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The Linux kernel exposes information about the current environment using the sysfs filesystem in /sys. I'm interested in getting information about online CPUs and their memory hierarchy (Level 1 to Level 3 caches).

Since all this information is basically text files I could write a parser on my own, but I'm curious what the best way of processing the information in sysfs is. Currently I found two alternatives:




The downside of libsysfs seems to be that the code is now almost 5 years old and almost no documentation is available, libudev seems more active but documentation is quite rare. There was only one useful tutorial I found on libudev --

What is the state of the art way to process content from sysfs in C/C++?


Currently it is not possible to access data stored in /sys/devices/system due to the fact that the exposed information are not real devices. The only way to access this data is to do it manually.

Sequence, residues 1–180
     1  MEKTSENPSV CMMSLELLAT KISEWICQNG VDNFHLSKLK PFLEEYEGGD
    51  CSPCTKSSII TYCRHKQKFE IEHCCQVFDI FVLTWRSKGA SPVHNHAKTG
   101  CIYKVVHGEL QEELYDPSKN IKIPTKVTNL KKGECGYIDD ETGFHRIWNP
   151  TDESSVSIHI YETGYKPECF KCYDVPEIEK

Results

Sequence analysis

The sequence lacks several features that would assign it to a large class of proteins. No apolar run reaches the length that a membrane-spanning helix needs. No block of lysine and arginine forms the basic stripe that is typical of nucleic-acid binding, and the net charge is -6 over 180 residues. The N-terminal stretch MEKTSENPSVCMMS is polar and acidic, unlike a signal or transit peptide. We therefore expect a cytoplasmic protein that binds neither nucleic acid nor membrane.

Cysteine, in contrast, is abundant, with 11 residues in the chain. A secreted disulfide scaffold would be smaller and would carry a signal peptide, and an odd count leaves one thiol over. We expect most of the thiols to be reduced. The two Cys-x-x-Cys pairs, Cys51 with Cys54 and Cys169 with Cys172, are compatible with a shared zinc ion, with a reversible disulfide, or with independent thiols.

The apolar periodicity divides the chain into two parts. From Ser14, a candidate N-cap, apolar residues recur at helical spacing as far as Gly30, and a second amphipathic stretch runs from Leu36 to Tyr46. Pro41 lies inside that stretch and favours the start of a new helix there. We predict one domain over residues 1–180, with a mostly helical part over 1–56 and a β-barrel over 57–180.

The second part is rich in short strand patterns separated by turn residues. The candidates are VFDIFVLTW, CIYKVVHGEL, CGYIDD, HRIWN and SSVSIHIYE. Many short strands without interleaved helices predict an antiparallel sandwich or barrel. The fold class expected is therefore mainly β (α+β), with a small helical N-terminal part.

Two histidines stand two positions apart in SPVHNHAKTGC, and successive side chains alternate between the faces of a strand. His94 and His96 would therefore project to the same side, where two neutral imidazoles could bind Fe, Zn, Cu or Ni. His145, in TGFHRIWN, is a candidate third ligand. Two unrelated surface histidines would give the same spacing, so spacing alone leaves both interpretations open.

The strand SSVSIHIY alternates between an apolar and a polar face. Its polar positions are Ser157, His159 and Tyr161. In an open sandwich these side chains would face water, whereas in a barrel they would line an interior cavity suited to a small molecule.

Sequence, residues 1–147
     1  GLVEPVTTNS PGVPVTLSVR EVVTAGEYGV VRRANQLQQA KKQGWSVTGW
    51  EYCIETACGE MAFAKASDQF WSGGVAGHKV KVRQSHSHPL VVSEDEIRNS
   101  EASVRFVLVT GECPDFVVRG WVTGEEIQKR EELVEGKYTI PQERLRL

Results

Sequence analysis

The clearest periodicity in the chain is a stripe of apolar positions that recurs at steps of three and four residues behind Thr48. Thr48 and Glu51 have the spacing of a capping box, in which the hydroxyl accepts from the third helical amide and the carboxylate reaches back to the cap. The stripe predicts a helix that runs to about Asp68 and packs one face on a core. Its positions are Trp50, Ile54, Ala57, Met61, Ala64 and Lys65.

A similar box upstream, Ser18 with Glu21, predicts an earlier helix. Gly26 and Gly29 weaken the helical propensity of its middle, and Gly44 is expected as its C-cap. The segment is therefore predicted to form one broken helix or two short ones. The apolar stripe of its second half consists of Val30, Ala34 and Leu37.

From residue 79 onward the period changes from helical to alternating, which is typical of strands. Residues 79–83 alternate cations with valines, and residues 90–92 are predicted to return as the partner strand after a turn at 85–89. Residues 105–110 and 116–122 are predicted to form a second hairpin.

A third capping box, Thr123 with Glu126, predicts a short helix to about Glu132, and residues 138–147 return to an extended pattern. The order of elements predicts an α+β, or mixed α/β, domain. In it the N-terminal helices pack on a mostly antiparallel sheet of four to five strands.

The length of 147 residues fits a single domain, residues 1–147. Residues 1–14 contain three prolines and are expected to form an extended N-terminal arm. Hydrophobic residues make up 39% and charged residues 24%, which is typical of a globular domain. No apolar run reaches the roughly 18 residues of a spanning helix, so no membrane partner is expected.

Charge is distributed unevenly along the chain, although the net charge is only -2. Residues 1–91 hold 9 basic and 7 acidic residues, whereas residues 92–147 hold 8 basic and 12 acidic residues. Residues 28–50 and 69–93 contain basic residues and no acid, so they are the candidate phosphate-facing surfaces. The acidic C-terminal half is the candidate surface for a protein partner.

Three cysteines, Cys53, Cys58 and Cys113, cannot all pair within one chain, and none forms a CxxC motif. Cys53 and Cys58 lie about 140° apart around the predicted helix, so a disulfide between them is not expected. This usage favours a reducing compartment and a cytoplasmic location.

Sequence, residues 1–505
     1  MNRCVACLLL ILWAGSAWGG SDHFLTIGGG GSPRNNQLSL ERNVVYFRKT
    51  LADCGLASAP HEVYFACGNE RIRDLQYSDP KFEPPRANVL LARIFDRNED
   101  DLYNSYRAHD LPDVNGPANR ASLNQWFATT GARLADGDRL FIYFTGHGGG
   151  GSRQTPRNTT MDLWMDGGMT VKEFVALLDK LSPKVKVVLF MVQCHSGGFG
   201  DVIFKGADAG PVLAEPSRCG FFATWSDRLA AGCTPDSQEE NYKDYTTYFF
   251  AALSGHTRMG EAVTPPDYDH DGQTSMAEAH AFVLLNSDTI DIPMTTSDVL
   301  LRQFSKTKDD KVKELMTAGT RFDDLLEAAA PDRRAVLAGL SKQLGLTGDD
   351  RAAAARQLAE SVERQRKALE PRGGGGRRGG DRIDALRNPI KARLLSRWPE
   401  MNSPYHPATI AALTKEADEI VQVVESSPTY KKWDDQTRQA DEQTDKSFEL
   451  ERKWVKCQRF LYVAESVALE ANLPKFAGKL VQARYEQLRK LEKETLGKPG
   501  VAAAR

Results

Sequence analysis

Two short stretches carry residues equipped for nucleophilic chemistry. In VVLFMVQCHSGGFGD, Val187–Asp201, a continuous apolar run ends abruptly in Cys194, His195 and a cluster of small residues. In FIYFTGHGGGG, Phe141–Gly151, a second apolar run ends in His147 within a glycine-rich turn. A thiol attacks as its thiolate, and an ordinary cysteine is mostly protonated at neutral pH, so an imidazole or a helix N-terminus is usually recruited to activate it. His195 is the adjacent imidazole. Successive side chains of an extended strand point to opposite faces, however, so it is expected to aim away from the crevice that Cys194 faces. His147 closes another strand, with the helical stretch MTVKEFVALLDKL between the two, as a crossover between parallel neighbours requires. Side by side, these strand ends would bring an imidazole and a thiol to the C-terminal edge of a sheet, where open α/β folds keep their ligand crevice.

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Since you tagged this with unix-programming, is awk a possibility? That seems like the path of least resistance when it comes to text parsing. – SiegeX Jan 12 '11 at 20:19
A while ago I was looking for something for this as well, and in the end gave in and wrote my own, as I realized that in all the files, I was really only interested in a specific bit of information, so the overhead was not worth it... – Nim Jan 12 '11 at 20:34

2 Answers 2

up vote 12 down vote accepted

The kernel authors have published sysfs-rules.txt, which explains how sysfs must be used. They point out in particular

Do not use libsysfs

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Following the above description I worked with libudev unfortunately it does not list devices / subsystems in /sys/devices/system is there a special reason for this behavior? – grundprinzip Jan 13 '11 at 12:32

wearing your shoes I'd probably write my own lib. Since those libs may not ( and probably will not ) meet all of your requirements. fstream ftw.

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